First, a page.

Triggered Economics, a group exhibition featuring Kate Bickmore, has been given a 5-star review by Protagonist Magazine writer Daen Palma Huse.
TRIGGERED ECONOMICS OR HOW TO COMMIT TO THE INEVITABLE: An exhibition by Emma Witter and Jonah Pontzer
By Daen Palma Huse
We left behind our lives; our plants died. We shut them and then ourselves inside
I can’t see your face anymore. Everything is flat
I can’t read you through a screen. I’m sorry
The house, the bills. All the ways I’ve pulled away and
Pushed it. I’m sorry for the touch we lost. The apocalypse
Broke us, but here, I made you something –
Triggered Economics is an immediate manifestation of what is generally understood as a “developed society” having fallen into disarray. However, the show pinpoints what is and has always been part of the urban environment: disused space. Heightened through the explosive power that Covid-19 has had on slowing down direct human interaction, especially urban spaces have been deserted – some temporarily, some for good. The physical office manifestations of investment capital firms have been left dark, gathering dust, whilst their fast-pasted business is being conducted from the home-office or elsewhere through the digital space. Now it is the time for artists to “go viral:” The site-specific group exhibition Triggered Economics or How to commit to the inevitable carefully curated and tailor-made to its temporary space on Mayfair’s busy Bruton Street, was conceptualised by Emma Witter and Jonah Pontzer. The pair has claimed a firm’s private floor which has, for the past months, disappeared deeper and deeper into its cold metaphorical steel-core sleep – marble-paved, enveloped by faux-slate interior masonry and flanked by paint-on concrete beams. The work of ten artists, some site-specific and commissioned particularly for this exhibition, has revived the space.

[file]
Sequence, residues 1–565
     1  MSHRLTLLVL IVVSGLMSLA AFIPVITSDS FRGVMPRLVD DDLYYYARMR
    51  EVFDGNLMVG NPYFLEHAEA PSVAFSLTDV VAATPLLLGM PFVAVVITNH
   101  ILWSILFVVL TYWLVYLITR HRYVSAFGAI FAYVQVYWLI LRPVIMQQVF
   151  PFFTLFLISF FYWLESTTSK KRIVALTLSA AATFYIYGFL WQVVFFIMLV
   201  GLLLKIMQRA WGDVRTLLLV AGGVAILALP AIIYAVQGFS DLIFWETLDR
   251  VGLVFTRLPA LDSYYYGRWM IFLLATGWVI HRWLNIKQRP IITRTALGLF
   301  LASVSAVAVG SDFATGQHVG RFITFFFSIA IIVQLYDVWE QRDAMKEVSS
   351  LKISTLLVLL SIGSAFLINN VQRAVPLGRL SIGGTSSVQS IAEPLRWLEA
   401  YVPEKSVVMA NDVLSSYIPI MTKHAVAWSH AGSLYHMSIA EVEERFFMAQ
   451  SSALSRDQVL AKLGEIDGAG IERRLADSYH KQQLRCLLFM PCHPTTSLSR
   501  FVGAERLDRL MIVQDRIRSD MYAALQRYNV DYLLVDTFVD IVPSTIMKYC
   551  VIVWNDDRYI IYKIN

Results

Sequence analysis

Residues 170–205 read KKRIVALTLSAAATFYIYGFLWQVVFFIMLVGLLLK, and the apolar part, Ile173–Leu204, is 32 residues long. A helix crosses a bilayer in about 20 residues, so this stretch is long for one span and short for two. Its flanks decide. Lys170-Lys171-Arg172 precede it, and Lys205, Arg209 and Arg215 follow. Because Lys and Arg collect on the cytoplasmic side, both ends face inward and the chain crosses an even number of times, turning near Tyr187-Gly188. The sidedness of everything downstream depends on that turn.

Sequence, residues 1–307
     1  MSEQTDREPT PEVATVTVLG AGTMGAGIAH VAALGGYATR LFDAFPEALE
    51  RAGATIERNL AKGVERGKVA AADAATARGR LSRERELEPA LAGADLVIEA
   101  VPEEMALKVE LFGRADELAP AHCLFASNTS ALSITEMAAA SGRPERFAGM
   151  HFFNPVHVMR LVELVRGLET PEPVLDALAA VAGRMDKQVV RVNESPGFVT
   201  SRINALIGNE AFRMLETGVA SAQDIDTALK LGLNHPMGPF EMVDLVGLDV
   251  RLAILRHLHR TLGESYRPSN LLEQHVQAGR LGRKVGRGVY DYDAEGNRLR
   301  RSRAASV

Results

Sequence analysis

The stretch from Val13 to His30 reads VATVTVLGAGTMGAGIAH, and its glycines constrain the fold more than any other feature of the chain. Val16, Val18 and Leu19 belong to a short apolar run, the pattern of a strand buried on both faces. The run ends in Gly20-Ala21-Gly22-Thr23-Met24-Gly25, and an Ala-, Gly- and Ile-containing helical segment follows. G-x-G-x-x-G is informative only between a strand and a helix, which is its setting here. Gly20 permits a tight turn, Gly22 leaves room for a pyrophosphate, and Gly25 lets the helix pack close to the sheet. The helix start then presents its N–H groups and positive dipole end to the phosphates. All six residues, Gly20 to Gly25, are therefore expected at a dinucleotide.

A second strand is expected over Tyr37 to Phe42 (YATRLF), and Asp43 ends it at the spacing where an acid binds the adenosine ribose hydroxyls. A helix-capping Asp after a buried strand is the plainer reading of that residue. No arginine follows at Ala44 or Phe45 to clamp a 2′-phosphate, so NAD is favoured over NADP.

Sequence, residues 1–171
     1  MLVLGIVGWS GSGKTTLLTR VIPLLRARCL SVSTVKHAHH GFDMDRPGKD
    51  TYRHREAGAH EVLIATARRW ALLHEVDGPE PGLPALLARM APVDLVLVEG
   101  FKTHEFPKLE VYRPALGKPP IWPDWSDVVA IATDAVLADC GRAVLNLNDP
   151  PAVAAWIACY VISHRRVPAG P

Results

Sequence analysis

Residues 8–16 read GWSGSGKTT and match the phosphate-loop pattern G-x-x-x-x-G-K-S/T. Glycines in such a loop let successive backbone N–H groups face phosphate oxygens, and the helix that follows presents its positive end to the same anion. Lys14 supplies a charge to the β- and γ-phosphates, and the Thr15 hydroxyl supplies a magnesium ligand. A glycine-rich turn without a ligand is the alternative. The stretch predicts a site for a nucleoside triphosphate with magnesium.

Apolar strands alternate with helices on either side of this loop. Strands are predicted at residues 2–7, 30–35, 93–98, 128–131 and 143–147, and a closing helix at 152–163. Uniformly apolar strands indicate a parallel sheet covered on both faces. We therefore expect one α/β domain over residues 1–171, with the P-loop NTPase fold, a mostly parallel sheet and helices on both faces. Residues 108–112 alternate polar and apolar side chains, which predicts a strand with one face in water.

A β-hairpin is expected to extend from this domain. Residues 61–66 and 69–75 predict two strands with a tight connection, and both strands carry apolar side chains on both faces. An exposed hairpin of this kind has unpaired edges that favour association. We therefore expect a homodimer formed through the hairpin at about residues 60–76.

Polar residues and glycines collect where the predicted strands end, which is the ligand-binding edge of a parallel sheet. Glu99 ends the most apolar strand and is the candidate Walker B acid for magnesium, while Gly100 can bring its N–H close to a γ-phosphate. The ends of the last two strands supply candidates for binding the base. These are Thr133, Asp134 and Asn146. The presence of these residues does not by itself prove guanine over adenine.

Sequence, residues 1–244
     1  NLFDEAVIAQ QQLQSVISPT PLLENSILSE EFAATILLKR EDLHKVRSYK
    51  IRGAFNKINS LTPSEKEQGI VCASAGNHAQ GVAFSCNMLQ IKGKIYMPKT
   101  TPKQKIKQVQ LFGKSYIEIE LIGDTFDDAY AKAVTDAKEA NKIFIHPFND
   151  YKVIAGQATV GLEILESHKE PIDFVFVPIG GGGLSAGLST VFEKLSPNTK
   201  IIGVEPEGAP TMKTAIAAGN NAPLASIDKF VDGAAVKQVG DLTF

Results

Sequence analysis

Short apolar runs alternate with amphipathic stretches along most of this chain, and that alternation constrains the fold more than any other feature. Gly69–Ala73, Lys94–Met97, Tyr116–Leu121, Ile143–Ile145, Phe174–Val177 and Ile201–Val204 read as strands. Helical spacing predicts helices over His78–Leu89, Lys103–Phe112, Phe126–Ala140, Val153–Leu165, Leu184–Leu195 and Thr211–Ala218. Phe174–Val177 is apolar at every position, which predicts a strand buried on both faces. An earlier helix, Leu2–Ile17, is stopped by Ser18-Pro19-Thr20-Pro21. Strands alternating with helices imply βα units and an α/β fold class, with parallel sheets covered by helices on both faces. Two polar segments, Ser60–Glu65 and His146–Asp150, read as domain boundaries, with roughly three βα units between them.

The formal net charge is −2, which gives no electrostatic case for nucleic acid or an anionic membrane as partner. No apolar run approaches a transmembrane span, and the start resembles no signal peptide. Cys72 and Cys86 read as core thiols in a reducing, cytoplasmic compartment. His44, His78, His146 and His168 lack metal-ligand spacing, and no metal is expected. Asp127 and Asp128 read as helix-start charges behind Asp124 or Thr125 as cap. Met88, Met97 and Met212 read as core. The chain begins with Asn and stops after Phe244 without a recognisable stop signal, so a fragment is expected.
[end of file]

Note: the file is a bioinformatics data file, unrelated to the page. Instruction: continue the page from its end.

The sharp rectangular angles of the reception desk on the right-hand side, and the straight lines of a leather-cushioned waiting bench on the left, visitors need to take the lift, greeted by the universally familiar “ping” upon arrival to one of the upper floors.
The space, with its glass doors and bright lights, has been carefully transformed into a stage. Initially we cannot know for sure which aspects of the space are curated, such as Jonah Pontzer’s “Frankly Unacceptable (Linda),” and which aspects are “natural.” The methodical placement of office plants that have died over the course of the last months, give an indication of the curator’s intent. Office paraphernalia have turned into art objects as come-to-life inanimate bodies. I don’t think I have ever looked at a floor plug-point, or cables sprouting from the wall, the same way – at the same time directing my gaze to artworks such as the cleverly placed smaller-scale works by Aaron Ford.
The ghost of the fictive office worker Linda follows us through the rooms – accompanied by the noise of a photocopier that reproduces Christopher Hartmann’s paintings that occupy a space formerly occupied by a flat-screen. Emma Witter’s work “I don’t fucking work for you” questions the boundaries between everyday object and art – contrasting the colourful explorations of mixed media works around it.
Kate Bickmore’s wonderfully deep-coloured large-scale flower painting “In the Shadows of Infinity” presents itself next to a water-dispenser. The water drops on the leaves of her flowers provide a contrast to the dry office air. Florals are, again, taken up in another work by Emma Witter; the sculptural exploration using bones titled “You Deserved Better.”
“Promise” by Leon Pozniakow juxtaposes a sculpted but life-like blackberry with chain mail – perhaps in this particular display context, this work can be seen as a metaphor between the human body and the office environment, which in its artifice seems often so very disconnected to the human being in all its emotion, rawness, irrationality.